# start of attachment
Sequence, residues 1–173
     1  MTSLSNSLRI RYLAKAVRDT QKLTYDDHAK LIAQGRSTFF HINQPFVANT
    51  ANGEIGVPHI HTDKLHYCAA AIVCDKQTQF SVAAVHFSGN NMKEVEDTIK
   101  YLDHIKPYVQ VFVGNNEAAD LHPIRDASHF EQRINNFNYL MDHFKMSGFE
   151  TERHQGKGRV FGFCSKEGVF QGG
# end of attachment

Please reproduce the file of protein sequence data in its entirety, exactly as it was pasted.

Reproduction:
Sequence, residues 1–173
     1  MTSLSNSLRI RYLAKAVRDT QKLTYDDHAK LIAQGRSTFF HINQPFVANT
    51  ANGEIGVPHI HTDKLHYCAA AIVCDKQTQF SVAAVHFSGN NMKEVEDTIK
   101  YLDHIKPYVQ VFVGNNEAAD LHPIRDASHF EQRINNFNYL MDHFKMSGFE
   151  TERHQGKGRV FGFCSKEGVF QGG